AD architectural Digest asked top sommelier from around country what to drink on February 14.
Shelley Lindgren, A16 and SPQR: “Italians consume some of the most bubbly in the world, but America is catching up in this tradition,” says Shelley Lindgren, owner and wine director of A16 and SPQR in San Francisco. “Prosecco from Le Vigne di Alice is one of the prime examples of the efforts of sisters-in-law Cinzia Canzian and Pier Francesca Bonicelli. You can’t go wrong with any wines in their lineup, but with amoré in the air, choose the Osé, a rosé with a splash of Marzemino. The Marzemino adds a bright color and acidity to this elegant mineral-driven natural wine.” $18; millesima-usa.com
X°MASA Limited Edition
Special edition of 100 bottles of P.S. Integrale Brut Vintage 2015.
The artist Masa has created 100 bottles to celebrate 10th anniversary of Le Vigne di Alice.
More information: email@example.com
Vernissage 21st November 2015, Cucina Madre, via Gaetano Giardino 90 - Vittorio Veneto
GLUCK – The bottle for this evening
where: at home
with: codfish carpaccio with pears and lemon peel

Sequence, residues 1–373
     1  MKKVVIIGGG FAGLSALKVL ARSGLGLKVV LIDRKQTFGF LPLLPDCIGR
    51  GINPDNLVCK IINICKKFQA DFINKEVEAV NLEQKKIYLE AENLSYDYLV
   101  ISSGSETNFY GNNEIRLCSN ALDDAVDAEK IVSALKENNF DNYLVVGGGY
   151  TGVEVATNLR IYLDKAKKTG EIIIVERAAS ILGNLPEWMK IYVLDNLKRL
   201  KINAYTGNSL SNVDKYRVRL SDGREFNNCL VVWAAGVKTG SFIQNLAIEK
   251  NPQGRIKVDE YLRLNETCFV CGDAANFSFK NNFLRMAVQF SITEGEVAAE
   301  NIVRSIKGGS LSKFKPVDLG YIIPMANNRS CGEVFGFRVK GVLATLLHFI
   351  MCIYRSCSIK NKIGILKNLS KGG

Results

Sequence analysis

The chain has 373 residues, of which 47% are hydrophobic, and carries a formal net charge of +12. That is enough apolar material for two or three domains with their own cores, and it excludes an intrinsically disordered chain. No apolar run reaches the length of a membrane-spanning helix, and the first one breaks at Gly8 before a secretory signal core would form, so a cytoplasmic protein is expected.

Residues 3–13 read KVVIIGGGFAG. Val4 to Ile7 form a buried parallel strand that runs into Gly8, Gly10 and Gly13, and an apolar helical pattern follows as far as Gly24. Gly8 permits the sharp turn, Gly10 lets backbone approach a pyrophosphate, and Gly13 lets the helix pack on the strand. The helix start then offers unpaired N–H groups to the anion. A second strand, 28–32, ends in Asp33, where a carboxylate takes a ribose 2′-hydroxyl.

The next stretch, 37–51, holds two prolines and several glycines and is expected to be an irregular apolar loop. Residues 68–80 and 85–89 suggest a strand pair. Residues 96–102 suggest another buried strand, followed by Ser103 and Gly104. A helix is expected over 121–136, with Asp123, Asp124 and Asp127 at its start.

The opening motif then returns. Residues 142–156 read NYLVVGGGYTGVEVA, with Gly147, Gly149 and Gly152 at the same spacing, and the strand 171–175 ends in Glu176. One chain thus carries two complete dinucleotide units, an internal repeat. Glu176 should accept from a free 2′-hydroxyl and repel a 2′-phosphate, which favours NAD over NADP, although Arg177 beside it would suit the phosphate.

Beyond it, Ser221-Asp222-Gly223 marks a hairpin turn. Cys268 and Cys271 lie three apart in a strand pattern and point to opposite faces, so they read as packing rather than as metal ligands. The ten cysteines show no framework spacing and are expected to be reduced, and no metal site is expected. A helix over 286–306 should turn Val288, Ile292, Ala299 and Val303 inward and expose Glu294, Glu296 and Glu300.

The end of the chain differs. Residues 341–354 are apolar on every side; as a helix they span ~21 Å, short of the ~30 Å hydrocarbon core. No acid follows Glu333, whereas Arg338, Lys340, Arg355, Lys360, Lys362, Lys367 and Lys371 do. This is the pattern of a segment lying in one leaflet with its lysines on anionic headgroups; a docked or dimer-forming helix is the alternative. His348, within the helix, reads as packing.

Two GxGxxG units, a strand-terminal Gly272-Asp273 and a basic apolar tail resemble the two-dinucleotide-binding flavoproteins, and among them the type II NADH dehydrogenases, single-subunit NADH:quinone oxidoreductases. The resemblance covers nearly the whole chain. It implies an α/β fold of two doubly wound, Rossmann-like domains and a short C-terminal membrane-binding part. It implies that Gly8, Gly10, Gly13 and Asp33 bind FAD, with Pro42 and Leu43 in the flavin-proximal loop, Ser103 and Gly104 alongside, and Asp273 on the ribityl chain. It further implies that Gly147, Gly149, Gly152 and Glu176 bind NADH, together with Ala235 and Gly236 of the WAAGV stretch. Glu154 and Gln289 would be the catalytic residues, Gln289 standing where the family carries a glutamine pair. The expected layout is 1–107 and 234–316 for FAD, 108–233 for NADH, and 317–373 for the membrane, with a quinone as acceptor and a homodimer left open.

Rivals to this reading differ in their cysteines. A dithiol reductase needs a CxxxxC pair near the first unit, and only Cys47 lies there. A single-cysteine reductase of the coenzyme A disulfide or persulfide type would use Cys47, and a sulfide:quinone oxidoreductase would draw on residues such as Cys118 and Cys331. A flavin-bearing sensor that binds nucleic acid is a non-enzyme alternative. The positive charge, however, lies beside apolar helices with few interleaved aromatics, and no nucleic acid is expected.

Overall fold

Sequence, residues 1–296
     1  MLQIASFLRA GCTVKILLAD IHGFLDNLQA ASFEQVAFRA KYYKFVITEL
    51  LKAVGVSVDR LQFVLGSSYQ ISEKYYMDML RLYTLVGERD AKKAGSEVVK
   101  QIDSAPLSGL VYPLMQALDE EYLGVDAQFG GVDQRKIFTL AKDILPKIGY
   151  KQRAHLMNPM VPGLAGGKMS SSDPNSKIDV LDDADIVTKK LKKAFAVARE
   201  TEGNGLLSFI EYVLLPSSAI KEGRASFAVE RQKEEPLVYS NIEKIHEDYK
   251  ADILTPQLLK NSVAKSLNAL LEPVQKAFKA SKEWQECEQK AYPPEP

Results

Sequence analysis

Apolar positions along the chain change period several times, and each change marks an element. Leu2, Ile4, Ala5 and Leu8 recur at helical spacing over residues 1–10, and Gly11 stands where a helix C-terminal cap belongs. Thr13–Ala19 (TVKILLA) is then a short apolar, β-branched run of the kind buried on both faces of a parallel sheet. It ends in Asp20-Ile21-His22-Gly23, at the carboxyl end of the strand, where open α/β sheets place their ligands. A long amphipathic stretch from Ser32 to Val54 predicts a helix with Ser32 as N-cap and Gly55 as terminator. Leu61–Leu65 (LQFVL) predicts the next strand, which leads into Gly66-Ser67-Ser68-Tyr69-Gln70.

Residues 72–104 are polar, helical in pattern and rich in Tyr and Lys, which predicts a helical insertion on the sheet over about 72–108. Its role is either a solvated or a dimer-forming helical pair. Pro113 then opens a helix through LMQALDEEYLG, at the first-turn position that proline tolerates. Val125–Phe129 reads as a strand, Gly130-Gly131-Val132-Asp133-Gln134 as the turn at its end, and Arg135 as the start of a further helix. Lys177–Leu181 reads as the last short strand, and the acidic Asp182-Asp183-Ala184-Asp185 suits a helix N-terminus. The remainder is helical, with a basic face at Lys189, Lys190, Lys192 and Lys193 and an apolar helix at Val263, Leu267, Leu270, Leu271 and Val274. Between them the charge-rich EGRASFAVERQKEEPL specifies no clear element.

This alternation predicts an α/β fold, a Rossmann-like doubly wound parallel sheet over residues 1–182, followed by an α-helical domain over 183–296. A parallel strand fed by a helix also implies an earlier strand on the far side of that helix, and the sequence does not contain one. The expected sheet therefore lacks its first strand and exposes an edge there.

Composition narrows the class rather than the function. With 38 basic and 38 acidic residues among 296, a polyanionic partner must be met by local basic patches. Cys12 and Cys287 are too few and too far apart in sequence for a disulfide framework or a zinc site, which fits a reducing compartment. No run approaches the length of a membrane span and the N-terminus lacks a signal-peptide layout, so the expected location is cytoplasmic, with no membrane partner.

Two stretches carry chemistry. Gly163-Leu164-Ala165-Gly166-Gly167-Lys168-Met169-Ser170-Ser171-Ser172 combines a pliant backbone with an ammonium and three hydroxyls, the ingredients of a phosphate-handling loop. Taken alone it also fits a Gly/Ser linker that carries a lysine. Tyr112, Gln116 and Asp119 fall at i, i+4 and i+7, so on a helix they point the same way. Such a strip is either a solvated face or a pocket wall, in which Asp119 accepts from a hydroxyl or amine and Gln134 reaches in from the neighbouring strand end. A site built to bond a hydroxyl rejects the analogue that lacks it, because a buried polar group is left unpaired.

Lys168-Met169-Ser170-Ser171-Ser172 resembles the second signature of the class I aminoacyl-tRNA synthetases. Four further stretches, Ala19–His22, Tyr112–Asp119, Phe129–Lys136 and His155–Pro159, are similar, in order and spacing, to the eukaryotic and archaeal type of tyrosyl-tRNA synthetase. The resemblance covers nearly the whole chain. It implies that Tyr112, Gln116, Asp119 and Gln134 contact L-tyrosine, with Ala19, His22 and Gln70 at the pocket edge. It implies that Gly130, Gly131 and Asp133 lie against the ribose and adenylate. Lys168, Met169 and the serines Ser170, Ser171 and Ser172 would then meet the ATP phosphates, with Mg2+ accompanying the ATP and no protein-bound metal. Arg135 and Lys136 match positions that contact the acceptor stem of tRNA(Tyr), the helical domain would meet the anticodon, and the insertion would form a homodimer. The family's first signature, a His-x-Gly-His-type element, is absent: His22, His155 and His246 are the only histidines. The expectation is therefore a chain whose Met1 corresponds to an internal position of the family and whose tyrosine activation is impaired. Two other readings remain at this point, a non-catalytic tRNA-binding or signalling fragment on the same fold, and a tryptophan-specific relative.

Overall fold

“Life is a bubble” is the slogan (and life-style) with which Cinzia Canzian and Pier Francesca Bonicelli identify themselves. And, in fact, they are correct, even if this idea is susceptible of various interpretations. My first inclination is to think of that nimbleness that one must have to cope with the various curves that life sends our way, or of the fragility of being, or even of the Catullian principle of carpe diem. What is clear is that both the idea of “life is a bubble” as well as the name bestowed on this wine—a tad impertinent and ironically provocative—achieve success in arousing one’s curiosity and thus in deciding to explore them both. And speaking of my own personal search, that is exactly how it went. I knew nothing of Vigne di Alice and its Proseccos, so I was led to taste it precisely by these considerations. And I have to say that in addition to an instinctive attraction by a very straightforward, effective communications strategy, there is quite a bit more back story. Cinzia and Francesca are celebrating this year their tenth anniversary of concentrating on the production of Valdobbiadene Conegliano, and their wines are considered among the best. They focused right from the beginning on using the classic method and the glera grape (obviously) to produce the highest-possible-quality sparkling wine, striving--as in the case of .g--to convey their personal love for their growing area, as well as to always embody a feminine point of view, to the extent possible in this world. They certainly do display the grit and skills, with expertise gained over the years in their family wine operations. Prosecco has been for quite some time now the best-known wine in Italy and even more so abroad, and it is the only wine that can boast uninterrupted growth. Let’s admit that among wine-lovers and the wine-infatuated there is a certain hesitancy with regard to Proseccos, since the sector is sometimes a tad quality-challenged. But .g breaks through this barrier with ease. I liked it very much with a baccalà carpaccio with pears and lemon peel served at home for dinner. The bubbles were pin-point, the mousse creamy and crisp, the flavours fruity and hinting of toasted almond, the wine easily able to stand up to Her Majesty the baccalà, a dish that I adore and offer often to my guests. I earnestly hope that my bubble can yield a good dose of lightness.